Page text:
The law in this realm is nowhere up to speed with culture. Getting it there is proving to be a painstaking process. But what Knight and the team around him are doing could write a new history of ownership for creators—and specifically creators of color.
An Epic situation
Helping Knight navigate the legalities of copyrighting dance is attorney David L. Hecht.
Hecht has litigated some of the most prominent and recent cases of choreography being used without their permission or compensation—namely, in representing entertainers coming after video game developer Epic Games and its wildly successful series Fortnite.
In 2018, Hecht connected with Brooklyn rapper 2 Milly who claimed that Fortnite appropriated his signature dance move “The Milly Rock” for one of the game’s emotes, which are expressions or dances that players can buy for their characters for anywhere from $5 to $15. Epic Games does not release financial statements, but its recent court battle with Apple revealed that the company made more than $9 billion in revenue between 2018 and 2019. The bulk of that income came from players buying emotes, clothes, and the like for their characters.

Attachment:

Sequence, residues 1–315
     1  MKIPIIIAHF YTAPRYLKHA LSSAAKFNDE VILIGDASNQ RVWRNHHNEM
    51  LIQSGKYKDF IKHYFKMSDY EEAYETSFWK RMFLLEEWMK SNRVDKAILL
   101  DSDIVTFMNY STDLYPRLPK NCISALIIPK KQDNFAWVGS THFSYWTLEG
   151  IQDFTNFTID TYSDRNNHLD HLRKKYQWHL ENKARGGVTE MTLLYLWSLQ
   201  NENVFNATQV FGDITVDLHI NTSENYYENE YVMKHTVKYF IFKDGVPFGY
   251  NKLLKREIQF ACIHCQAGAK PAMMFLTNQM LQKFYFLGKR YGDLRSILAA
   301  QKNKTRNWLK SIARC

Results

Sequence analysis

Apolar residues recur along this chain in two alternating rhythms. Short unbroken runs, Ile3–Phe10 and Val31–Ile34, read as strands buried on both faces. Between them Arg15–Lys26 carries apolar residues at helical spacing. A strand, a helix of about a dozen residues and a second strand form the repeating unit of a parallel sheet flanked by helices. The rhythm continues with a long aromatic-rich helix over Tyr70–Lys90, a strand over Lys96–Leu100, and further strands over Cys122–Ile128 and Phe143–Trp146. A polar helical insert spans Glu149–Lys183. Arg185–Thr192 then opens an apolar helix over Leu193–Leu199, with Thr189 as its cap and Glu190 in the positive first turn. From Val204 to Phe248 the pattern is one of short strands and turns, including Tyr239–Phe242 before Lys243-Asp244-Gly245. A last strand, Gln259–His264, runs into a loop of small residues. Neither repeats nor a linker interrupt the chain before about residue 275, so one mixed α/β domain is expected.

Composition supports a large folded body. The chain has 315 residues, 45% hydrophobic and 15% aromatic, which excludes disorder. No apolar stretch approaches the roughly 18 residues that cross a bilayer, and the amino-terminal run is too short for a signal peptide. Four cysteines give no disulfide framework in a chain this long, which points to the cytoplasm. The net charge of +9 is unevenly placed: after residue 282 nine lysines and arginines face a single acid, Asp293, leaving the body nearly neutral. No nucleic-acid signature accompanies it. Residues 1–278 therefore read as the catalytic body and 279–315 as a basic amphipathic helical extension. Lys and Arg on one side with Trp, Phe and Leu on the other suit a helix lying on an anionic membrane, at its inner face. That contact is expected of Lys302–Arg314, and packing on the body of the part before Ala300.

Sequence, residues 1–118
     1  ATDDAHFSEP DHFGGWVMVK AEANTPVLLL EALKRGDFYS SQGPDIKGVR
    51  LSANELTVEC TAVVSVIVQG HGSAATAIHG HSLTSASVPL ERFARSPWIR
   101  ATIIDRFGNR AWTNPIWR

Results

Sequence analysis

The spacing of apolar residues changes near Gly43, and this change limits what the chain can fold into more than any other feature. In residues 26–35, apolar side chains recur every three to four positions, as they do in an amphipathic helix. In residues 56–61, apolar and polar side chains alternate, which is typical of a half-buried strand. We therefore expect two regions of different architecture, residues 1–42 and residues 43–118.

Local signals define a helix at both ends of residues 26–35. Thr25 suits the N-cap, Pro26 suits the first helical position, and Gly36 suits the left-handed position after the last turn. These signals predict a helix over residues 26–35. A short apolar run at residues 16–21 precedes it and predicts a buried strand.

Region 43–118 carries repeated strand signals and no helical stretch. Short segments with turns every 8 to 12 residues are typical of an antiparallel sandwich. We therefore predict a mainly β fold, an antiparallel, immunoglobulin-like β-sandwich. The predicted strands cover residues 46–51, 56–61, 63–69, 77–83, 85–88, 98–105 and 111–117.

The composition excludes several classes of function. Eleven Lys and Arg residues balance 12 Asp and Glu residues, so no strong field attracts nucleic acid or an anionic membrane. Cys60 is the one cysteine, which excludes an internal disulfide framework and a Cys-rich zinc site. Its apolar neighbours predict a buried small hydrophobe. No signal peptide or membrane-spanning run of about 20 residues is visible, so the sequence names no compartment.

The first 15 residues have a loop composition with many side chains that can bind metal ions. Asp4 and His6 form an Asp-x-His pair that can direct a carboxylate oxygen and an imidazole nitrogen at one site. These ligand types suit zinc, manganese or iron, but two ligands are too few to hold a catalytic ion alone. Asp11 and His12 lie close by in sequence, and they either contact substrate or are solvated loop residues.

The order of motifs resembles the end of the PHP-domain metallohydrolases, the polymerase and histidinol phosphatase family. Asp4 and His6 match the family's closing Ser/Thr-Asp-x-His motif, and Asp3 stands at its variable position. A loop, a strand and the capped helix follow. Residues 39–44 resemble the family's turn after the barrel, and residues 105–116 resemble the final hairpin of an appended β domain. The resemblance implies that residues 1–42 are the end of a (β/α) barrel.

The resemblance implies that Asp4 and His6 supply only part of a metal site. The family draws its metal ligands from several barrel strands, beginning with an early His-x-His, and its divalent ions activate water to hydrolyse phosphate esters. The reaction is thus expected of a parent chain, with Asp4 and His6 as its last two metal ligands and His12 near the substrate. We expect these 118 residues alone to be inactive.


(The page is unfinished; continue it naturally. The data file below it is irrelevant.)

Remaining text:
Hecht says that 2 Milly’s concern was about more than just any windfall he might have received if Fortnite had licensed “The Milly Rock” for use in a game as popular as Fortnite. “2 Milly really was talking less about the money that he was owed and more about how this was misappropriation as far as renaming,” Hecht says in the latest episode of Fast Company‘s podcast Creative Control. “And so what upset me and upset him in seeing this was people were no longer calling the dance ‘The Milly Rock.’ They were starting to call it the ‘Swipe It,’ because that’s what Epic called it.”